Spicer went on to point out that this was the first time fences went as far back on the mall which may have slowed people from entering. The press secretary also broke down “facts” of the size of the National Mall by size of blocks and provided an estimate of how many people fit within each area.
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“From the media tent to the Washington Monument, another 250,000 people,” Spicer said when breaking down the National Mall by sections. “All of this space was full when the president took the oath of office.”
He also noted the Washington Metro Area Transit Authority ridership numbers.
“We know that 420,000 people used the DC Metro public transit yesterday, which actually compares to 317,000 that used it for President Obama’s last inaugural,” Spicer said. “This was the largest audience to ever witness an inauguration, period. Both in person and around the globe.”
On Sunday morning, Kellyanne Conway, a top aide to President Trump, characterized Spicer’s comments about crowd size as “alternative facts.”
On Monday, Spicer held his first official White House briefing where he addressed the “facts” he mentioned following Trump’s inauguration and stood behind the assertion that Trump’s inauguration was the most watched.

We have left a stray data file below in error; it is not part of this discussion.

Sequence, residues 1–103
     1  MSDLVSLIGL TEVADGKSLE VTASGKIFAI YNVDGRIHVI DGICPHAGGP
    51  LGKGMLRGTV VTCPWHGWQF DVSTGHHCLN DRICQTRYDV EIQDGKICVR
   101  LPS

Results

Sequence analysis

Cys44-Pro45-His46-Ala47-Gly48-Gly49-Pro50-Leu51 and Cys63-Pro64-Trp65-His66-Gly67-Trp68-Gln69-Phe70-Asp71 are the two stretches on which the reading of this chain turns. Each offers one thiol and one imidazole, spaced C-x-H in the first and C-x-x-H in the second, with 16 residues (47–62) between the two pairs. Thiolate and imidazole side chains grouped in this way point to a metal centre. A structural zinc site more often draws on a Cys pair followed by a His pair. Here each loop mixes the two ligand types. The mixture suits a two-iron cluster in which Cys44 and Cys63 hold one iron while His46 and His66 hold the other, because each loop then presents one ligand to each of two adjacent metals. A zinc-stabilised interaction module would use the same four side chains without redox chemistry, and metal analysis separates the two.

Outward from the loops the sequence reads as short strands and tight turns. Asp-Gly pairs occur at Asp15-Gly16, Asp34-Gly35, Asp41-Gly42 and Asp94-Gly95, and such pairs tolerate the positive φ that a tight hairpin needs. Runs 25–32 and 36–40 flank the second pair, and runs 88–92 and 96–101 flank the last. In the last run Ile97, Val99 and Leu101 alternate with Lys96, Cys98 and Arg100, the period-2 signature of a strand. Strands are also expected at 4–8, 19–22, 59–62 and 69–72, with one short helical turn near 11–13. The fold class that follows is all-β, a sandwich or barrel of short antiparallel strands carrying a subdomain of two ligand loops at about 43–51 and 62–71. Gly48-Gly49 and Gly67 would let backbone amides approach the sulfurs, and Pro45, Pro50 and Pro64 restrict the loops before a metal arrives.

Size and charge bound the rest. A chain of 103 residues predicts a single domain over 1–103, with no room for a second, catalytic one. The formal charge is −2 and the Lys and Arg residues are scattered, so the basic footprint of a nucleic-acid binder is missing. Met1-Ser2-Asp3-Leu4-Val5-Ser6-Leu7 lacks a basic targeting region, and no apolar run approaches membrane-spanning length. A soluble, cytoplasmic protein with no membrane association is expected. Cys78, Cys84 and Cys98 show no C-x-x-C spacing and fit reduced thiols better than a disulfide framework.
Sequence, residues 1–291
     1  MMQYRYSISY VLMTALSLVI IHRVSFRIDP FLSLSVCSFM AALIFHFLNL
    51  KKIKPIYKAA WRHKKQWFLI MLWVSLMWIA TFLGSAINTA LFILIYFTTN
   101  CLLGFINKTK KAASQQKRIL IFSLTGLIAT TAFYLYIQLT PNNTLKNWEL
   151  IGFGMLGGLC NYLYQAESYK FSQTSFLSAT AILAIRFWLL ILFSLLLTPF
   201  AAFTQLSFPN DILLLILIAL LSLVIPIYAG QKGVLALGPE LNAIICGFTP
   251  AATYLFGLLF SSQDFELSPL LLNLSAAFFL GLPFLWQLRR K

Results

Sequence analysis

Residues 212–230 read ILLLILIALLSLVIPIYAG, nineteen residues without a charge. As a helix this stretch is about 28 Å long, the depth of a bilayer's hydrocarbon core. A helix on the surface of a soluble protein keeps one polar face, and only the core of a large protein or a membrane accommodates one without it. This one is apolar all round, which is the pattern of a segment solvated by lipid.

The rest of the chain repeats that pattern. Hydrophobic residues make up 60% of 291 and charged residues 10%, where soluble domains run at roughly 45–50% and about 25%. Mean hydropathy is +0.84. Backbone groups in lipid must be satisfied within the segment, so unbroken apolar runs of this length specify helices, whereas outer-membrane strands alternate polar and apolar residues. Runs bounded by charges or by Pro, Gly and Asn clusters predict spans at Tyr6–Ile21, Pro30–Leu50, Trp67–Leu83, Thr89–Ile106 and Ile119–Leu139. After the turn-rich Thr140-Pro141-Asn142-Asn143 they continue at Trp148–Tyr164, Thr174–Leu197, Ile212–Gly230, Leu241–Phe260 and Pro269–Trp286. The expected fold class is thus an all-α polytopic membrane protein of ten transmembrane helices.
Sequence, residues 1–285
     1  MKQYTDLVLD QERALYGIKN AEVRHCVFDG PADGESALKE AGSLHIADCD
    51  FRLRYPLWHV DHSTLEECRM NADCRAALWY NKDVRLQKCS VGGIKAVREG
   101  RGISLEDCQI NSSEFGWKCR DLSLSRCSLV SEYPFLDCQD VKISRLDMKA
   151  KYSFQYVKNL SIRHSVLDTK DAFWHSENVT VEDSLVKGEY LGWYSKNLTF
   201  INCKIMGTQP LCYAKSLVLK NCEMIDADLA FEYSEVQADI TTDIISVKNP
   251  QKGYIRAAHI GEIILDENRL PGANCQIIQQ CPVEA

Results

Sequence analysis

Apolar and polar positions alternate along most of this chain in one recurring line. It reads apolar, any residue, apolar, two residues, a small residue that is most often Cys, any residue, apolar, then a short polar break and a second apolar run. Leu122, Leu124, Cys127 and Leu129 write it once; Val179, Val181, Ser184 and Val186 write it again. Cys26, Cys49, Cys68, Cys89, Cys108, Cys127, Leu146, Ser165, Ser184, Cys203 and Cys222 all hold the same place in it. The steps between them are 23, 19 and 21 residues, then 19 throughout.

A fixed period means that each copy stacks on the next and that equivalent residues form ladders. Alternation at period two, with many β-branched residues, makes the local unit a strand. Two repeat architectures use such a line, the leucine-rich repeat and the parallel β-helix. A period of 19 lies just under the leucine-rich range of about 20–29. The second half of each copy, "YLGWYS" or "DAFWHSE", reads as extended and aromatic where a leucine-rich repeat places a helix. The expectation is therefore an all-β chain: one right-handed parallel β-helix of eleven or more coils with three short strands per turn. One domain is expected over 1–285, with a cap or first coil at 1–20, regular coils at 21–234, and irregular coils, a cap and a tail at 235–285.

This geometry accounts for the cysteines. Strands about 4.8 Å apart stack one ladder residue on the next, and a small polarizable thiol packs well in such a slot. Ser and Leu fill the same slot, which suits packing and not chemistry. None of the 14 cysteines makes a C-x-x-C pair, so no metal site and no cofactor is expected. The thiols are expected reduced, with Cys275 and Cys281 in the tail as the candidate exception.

“It’s an honour to do this. I believe that we have to be honest with the American people. I think sometimes we can disagree with the facts,” Spicer told reporters. “There are certain things that we may miss, we may not fully understand when we come out but our intentions is never to lie to you.”
The press secretary noted “sometimes we may disagree about facts.”
“I’m going to come out here and tell you the facts as I know them and if we make a mistake I’ll do our best to correct it,” Spicer said.
With regards to the DC Metro ridership numbers, Spicer said he was given incorrect information at the time.
“At the time the information that I was provided by the inaugural committee came from an outside agency that we reported on,” Spicer said. “I think knowing what we know now, we can tell the (Metro) numbers are different but we were trying to provide numbers that we were provided.
“That wasn’t like we made them up out of thin air.”
The press secretary said that taking into consideration online streaming and television viewership, Trump’s inauguration was the most-watched in history.
“It was the most watched inaugural. When you look at, just one network alone got 16.9 million people online, another couple of networks, there was tens of millions of people that watched that online,” Spicer said. “Never mind the audience that was here, 31 million people watched it on television, combined that with the tens of millions of people that watched online, on a device, it’s unquestionable.
“I don’t see any numbers that dispute that. When you add up attendance, viewership, total audience in terms of tablets, phones on television, I’d love to see any information that proves that otherwise,” Spicer said.